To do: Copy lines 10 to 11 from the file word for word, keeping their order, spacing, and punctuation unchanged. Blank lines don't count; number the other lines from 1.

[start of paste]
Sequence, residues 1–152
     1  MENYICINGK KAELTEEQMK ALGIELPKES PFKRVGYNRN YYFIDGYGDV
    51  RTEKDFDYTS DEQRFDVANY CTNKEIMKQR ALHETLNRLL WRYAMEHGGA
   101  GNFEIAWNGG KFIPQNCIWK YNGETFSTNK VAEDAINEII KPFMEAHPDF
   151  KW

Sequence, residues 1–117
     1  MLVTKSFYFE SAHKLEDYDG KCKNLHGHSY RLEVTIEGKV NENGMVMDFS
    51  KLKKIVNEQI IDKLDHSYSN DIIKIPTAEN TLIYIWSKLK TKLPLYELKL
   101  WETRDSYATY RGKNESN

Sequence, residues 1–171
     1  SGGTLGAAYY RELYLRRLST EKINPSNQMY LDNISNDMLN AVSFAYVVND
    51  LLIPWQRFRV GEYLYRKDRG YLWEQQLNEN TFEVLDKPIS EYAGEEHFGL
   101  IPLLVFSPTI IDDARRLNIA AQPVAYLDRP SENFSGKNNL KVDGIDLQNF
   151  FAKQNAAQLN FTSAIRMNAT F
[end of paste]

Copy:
Sequence, residues 1–171
     1  SGGTLGAAYY RELYLRRLST EKINPSNQMY LDNISNDMLN AVSFAYVVND